Apparently this is a promotion that Starbucks is running for the holidays, so keep your eyes peeled. It could mean a free gingerbread latte and a scone.

Tuesday, December 12, 2006

Cookie Party!

Our friend Kathryn has hosted a yearly cookie decorating party for the last decade, and we were invited this year even though we have no young children and basically just went to play and chat. It was great being around young kids again, all talking and laughing and smearing icing on angels, rocking horses, gingerbread people, stars, candy canes...you name it. Kathryn apparently outdid herself this year, making more than 600 (yes, six-oh-oh) cookies before her husband Jeff pulled her away from the mixer. And good cookies they were. Little buttery sugar cookies with just the right amount of doneness to be light yet crispy.

And then, when you had decorated your heart out, there was a big pot of Jeff's beefy soup to thin down the sugar coursing through your veins, and a table full of lemon bars, chocolate cookies, Mexican wedding cookies, rum cake and other delights that people had brought to snack on and take home for sampling. What fun!

O Christmas Tree!

We used to be the kind of family that would trek out to the hinterlands to a tree farm and tromp all over the muddy hillsides in the freezing cold, looking for the perfect tree to kill. Then we found, just blocks from home up NE Fremont, the Fremont United Methodist Christmas Tree Sale. What a relief! And every one one of the congregation that we've met there are the nicest folks...smiling, helpful, willing to open up as many trees as it takes. Kinda scary.

And the prices are good, too. We usually spend around $50 for an eight-foot tree that we throw in the truck, haul home, trim off the bottom and set up. Easy, and no frostbite. I love it! BTW, the sale only runs through the 17th, so if you want one, get yourself down there. Tell them GoodStuffNW sent you!

Details: Fremont United Methodist Christmas Tree Sale, 2620 NE Fremont St.; Phone 284-4647.

Thursday, December 07, 2006

Cheese, Gromit!

For the Wallace on your Christmas list, or any list for that matter, there's no better gift than a cheese-of-the-month club. And wouldn't you know it, our favorite neighborhood cheese shop, Foster & Dobbs, and its oh-so-friendly proprietors Luan and Tim have started a Cheese of the Month Club and a Cheese and Treats Club. The Cheese of the Month Club features a monthly shipment of three special cheeses (at least one American farmstead cheese and one European cheese), while the Cheese and Treats Club member will receive a box that contains one cheese, crackers, a condiment and a chocolate bar.

We think this is brilliant for that special person on your list (hint, hint), and will remind them of your kindness all year long! Check their website or give them a call for the particulars.

Details: Foster & Dobbs, 2518 NE 15th Ave.; Phone 503-284-1157.

Tuesday, December 05, 2006

Have Lunch in Paris

A surge of development is hitting yet another formerly dreary eastside strip. The few blocks surrounding the intersection of 50th and Division, which used to house tacky baseball card traders and auto body shops and featured several empty storefronts with broken windows, has now gone uptown. There's early pioneer Stumptown Coffee on one end and, at the other end, the second location of Lake Oswego bakery La Provence where we've gone twice in the last week, once for lunch and once for coffee.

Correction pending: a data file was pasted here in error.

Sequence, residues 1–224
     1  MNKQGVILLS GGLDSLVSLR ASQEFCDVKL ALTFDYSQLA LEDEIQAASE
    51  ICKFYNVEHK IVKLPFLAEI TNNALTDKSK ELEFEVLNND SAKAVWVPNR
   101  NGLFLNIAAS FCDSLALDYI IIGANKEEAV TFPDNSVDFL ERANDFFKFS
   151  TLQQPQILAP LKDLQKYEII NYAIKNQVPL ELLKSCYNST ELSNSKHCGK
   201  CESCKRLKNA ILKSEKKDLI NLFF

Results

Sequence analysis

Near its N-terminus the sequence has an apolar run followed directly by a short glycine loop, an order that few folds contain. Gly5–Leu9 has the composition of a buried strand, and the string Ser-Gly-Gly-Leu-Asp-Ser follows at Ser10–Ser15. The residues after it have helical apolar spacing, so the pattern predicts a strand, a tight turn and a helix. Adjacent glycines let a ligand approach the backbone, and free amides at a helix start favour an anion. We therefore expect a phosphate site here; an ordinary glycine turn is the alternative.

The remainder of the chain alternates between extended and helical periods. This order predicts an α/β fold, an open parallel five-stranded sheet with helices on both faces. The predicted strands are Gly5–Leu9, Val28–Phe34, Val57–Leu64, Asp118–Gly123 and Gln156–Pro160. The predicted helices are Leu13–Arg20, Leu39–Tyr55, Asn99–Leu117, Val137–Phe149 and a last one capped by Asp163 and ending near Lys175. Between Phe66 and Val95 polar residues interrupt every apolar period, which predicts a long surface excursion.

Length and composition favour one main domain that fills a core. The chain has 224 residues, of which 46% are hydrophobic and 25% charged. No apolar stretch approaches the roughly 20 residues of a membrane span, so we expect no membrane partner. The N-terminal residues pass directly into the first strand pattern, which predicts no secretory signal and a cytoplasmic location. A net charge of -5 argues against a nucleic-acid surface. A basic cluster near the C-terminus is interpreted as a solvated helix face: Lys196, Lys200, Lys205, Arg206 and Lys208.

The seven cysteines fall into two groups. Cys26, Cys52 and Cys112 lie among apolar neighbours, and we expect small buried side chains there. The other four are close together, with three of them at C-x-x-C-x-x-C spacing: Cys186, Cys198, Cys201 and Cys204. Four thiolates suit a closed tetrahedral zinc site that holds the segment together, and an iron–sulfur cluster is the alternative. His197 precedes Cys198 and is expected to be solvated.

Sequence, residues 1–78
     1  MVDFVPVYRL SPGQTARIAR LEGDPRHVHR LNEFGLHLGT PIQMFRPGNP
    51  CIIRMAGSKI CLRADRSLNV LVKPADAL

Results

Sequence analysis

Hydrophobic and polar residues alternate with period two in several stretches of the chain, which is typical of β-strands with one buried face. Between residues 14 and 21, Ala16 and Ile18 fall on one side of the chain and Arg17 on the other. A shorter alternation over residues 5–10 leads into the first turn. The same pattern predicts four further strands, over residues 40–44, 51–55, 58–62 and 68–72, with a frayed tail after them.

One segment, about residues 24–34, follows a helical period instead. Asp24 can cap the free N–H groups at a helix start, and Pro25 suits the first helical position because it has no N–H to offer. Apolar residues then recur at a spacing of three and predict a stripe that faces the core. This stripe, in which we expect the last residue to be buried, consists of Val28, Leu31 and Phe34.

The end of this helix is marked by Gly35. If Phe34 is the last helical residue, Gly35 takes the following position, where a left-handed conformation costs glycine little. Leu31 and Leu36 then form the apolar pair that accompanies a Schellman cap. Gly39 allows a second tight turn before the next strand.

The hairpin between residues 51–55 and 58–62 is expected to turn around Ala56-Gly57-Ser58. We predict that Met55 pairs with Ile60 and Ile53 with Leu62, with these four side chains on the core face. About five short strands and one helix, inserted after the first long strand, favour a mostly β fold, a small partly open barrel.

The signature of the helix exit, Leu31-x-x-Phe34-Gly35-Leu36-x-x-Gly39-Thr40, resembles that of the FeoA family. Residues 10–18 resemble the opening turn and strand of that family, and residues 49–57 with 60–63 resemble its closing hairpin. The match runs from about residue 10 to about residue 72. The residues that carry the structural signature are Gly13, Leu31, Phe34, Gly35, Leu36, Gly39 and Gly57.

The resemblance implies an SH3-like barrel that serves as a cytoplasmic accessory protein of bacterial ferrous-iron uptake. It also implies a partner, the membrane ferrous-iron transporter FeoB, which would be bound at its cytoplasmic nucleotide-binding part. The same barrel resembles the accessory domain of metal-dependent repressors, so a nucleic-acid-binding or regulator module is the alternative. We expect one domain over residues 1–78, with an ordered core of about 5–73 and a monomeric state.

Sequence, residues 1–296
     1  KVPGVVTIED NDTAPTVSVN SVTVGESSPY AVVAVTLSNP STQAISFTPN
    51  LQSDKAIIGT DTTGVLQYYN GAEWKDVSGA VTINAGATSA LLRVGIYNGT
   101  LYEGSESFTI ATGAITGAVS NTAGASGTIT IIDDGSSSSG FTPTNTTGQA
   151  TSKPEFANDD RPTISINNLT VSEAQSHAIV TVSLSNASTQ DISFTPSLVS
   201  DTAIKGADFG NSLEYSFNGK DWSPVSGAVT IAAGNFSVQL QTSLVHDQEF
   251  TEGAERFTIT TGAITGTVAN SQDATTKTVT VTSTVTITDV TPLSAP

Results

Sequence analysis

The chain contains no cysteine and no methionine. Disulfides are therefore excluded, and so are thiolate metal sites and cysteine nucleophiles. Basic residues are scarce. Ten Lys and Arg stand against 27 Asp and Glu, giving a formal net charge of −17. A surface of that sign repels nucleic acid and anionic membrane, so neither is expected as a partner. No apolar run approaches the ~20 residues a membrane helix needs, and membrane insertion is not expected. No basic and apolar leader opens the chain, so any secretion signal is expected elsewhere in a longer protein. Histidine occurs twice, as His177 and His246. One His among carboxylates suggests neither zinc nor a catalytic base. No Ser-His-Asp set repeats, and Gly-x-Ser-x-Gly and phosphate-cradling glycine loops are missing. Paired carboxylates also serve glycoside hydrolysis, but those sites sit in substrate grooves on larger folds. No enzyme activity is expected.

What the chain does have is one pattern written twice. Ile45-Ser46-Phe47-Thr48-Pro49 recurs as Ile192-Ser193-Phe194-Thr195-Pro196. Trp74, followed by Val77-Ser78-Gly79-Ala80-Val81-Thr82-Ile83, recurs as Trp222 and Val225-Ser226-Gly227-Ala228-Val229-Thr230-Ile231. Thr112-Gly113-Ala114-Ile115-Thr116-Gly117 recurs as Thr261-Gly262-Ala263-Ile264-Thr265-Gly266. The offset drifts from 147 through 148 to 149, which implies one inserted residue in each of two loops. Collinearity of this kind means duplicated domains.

This place looks straight out of Paris with its black storefront with gold lettering, an impression that is only enhanced when you walk in the door to see the little wicker seats at stenciled wood tables on one side and a magnificent display of baked goods on the other. They serve what looks like a great breakfast through the lunch hour, and the lunch menu, while not extensive, is full of tempting sandwiches, salads and beverages.

And apparently the level of sophistication has been eye-opening for the owners, though anyone who's been to Pix or Lauro would simply say, "Pfft!" One article said that at their Lake Oswego store the bestsellers are scones and coffee, while at the new eastside store the specialty French baked goods like palmiers, croissants and various sweet pains are more popular, and people are flocking in from around the area to get them. Vive le Division!

Details: La Provence, 4834 SE Division St.; Phone 503-736-9600.


Last weekend we went to our first house concert at the home of our friends Bob and Chris. It featured new transplant to Portland (from Massachusetts) Gideon Freudmann, master of the cello and a genuinely engaging fellow. He plays an electronic cello, a beautiful sculptural piece that is reminiscent of the shape of a traditional cello, but is wired so that he can record tracks and essentially play along with himself and compose on the fly. (He also plays a magnificent regular cello, which is pictured here.)

His music can be funny, haunting and moving, sometimes all at once, and the the joy he exhibits in his performance shows the passion he has for this instrument. He's also got a way with comic songs and sings a mean blues. We're so glad he decided to settle here, and we'll definitely be seeking him out in the future. Stay tuned!

For those who've never been to a house concert, it's a show that's presented in a private space like a home, barn or whatever, with all proceeds going to the artist who can round out a touring schedule and build new markets with the one-on-one opportunities these venues present. (Here's a primer on house concerts.)

Nike Nirvana

Need the latest high-tech sports bra in the grooviest new colors? How about a signature Tiger Woods Collection wool jacket? Then make thyself a friend who works at Nike, and beg for a pass to the Nike employee store. Set in a nondescript box of a building in an anonymous industrial park off Jenkins Road in (where else?) Beaverton, this is the throbbing center of the temple of style that Nike built. We were the lucky guests of our friend Jeff, and were able to get our Christmas shopping off to a roaring start. Though prices aren't rock bottom, you get a solid half off clothes for men, women and children (slap a swoosh on that onesy!), more shoes than you can shake a stick at and a nice selection of sunglasses and watches. The one thing that surprised me was the stunning lack of cool t-shirts...most were just logo-wear, rehashing the usual and completely lacking in imagination. That said, it's an amazing inside look at the vast diversity of gear that this Oregon company makes and markets.